Toyokuni III Utagawa, Kabuki Actor Ichikawa Ichizo, Tattoo Design


Artist: Toyokuni III Utagawa (1786-1865)
Title: Ichikawa Ichizo III as Dekiboshi no Sankichi
Series: Mirrors for Collage Pictures in the Modern Styles
Publisher: Fujiokaya Keijiro
Date: 1859
Size: 37.0 x 26.2 cm

Original Japanese woodblock print.

'Mirrors for Collage Pictures in the Modern Styles' is a series by Toyokuni III featuring actors viewed as a reflection from a black and gold framed bronze mirror accompanied by a poem in their own hand. The background has a printed pattern imitating decorative, gold-flecked paper.

Ichikawa Ichizo III was a promising 19th century kabuki actor, able to perform a wide range of roles. An iconic event of his career happened in 1857 when a samurai who was watching Ichizo's performance was so caught up in the actions on stage, suddenly drew his sword and jumped on the stage to strike the actor. Thanks to this unexpected samurai brawl, the play was a huge success.

More Information
Print Format Oban (Vertical)
Artist Name Toyokuni III Utagawa (Kunisada I)
Title Ichikawa Ichizo III as Dekiboshi no Sankichi
Subject Samurai & Male, Kabuki Theatre, Tattoo
Dimensions 37.0 x 26.2 cm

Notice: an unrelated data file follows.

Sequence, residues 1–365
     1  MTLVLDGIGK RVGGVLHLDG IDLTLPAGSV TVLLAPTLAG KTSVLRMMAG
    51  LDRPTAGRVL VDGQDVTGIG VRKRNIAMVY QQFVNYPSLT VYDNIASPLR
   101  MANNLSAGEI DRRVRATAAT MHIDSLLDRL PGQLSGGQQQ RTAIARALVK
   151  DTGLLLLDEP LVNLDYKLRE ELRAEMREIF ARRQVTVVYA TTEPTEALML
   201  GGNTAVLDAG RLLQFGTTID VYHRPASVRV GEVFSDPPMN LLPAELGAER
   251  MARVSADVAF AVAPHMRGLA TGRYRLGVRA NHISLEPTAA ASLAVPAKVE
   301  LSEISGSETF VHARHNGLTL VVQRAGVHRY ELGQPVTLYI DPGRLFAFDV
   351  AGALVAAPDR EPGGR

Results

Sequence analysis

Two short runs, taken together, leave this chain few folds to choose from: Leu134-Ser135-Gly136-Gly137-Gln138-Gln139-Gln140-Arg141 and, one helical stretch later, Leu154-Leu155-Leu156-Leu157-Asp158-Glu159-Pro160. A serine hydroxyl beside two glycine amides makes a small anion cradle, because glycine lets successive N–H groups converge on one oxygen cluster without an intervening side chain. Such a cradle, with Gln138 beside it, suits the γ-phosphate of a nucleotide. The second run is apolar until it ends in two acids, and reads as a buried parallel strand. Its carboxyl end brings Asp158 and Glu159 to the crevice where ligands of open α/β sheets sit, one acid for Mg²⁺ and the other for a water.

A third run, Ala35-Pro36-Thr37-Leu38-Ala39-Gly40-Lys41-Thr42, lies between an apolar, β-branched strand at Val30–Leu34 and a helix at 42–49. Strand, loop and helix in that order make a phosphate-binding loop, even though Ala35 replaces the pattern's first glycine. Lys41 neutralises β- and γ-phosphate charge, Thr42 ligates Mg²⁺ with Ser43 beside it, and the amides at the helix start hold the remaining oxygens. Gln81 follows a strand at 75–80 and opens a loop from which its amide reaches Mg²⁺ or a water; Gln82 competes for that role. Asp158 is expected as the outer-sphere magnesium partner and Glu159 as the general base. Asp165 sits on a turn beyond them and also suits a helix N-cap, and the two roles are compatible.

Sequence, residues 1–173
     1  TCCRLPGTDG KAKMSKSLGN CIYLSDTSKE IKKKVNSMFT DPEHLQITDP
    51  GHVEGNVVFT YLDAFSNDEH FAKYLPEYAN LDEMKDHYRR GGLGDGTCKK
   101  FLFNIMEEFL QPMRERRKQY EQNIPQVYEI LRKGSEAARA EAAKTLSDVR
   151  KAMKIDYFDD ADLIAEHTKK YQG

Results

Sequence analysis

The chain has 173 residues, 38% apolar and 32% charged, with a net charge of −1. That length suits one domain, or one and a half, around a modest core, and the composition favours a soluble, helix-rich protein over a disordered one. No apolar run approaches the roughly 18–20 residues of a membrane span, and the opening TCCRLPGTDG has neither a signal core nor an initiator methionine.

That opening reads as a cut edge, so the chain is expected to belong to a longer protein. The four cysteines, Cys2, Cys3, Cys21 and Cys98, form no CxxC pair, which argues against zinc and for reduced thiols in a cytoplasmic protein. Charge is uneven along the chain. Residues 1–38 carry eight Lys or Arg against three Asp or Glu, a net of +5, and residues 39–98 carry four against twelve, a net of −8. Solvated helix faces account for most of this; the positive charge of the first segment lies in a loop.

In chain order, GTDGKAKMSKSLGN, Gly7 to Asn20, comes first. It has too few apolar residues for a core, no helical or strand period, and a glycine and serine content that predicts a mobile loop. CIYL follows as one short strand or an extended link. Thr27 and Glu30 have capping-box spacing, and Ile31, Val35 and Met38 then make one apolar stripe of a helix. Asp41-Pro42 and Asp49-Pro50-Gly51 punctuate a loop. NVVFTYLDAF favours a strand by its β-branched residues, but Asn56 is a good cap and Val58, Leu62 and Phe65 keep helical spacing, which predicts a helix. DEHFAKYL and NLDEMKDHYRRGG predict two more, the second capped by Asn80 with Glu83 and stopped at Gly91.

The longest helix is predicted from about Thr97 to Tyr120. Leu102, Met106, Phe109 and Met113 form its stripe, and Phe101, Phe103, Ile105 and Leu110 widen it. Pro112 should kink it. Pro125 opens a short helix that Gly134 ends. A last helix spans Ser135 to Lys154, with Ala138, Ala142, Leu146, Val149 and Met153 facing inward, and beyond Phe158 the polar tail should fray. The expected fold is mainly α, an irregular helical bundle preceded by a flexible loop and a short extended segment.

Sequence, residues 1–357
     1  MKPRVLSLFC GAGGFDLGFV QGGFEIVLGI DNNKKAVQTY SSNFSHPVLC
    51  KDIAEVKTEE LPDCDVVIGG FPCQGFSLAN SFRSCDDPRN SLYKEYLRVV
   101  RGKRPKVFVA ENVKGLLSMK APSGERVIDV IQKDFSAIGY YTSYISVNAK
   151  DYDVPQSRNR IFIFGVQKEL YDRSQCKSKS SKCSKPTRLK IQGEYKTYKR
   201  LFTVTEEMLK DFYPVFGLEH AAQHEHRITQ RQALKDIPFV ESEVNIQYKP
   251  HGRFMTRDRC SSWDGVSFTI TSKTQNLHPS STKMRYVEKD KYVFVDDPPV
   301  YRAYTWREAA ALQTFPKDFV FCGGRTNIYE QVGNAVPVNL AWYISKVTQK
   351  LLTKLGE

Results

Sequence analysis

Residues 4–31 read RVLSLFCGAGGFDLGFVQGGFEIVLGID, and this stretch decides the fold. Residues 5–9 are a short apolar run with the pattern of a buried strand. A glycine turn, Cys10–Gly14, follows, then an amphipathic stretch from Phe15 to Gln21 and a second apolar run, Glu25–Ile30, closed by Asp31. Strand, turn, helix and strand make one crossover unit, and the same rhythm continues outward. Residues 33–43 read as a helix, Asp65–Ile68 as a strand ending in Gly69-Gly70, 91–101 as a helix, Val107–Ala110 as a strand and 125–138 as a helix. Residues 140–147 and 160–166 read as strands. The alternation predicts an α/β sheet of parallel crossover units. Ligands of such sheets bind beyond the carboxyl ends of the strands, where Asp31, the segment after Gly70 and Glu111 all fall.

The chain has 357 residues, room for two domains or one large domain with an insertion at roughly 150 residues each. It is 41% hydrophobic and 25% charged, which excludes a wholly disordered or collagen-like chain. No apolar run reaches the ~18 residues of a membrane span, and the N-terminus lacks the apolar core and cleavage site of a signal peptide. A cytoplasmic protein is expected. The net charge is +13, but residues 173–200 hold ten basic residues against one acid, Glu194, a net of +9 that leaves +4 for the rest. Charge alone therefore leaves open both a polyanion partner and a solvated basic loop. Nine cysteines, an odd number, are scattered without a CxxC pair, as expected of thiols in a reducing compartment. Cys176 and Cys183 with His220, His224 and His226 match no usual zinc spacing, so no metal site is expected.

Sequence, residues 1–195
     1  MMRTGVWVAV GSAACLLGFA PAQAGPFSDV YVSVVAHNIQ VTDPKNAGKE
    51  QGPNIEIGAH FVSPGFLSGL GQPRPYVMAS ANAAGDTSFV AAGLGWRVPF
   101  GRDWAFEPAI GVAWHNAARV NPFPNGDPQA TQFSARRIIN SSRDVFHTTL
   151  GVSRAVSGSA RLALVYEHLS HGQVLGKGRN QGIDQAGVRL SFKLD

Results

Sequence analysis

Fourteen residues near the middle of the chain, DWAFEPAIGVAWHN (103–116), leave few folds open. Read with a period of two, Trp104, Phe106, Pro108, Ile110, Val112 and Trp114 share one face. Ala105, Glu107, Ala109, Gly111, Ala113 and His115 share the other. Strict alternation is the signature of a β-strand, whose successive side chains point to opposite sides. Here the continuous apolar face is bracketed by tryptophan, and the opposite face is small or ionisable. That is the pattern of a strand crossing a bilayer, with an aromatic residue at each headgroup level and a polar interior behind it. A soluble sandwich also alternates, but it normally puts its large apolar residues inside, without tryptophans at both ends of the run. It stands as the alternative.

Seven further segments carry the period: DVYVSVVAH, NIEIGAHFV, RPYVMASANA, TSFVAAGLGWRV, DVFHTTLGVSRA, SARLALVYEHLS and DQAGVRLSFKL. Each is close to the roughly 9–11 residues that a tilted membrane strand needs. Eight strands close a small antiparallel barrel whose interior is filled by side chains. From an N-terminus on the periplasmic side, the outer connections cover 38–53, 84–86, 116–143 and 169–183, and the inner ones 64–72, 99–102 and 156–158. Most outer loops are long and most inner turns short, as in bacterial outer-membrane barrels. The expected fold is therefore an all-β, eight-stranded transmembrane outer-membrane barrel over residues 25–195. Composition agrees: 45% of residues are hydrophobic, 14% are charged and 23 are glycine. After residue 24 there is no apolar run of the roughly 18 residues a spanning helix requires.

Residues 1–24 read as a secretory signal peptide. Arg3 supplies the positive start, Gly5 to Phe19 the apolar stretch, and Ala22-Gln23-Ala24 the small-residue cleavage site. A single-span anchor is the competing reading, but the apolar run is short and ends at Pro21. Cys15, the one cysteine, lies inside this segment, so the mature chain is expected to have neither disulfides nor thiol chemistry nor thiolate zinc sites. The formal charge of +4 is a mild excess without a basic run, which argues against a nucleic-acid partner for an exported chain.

Condition Report Very light creases and a few spots.
Publisher Fujioka-ya Keijiro

Toyokuni III Utagawa (Kunisada I)

Kunisada became a pupil of Toyokuni at the age of 15, and would later, after the latter’s death, assume his name. Kunisada’s pictures reflect the culture of Japan in the years leading up to the country’s opening to the West. His first book illustrations were published in 1807 and his first actor portrait the following year. Alongside theatrical scenes and courtesans, yakusha-e was his preferred genre amidst all his popular and extensive output. As he painted very many of these, continuing the stout realism of his teacher, he acquired the sobriquet “Yakusha-e no Kunisada” – Kunisada, the actor painter. In his numerous bijin-ga he clung to the deal of beauty prevalent at the time. While his style must be described as powerful and realistic, even coarsely so, his draughtsmanship and coloration are if anything monotonous and lacking finesse. From 1830 he continued the development of the Utagawa school, and from 1844 onwards signed his works Toyokuni III.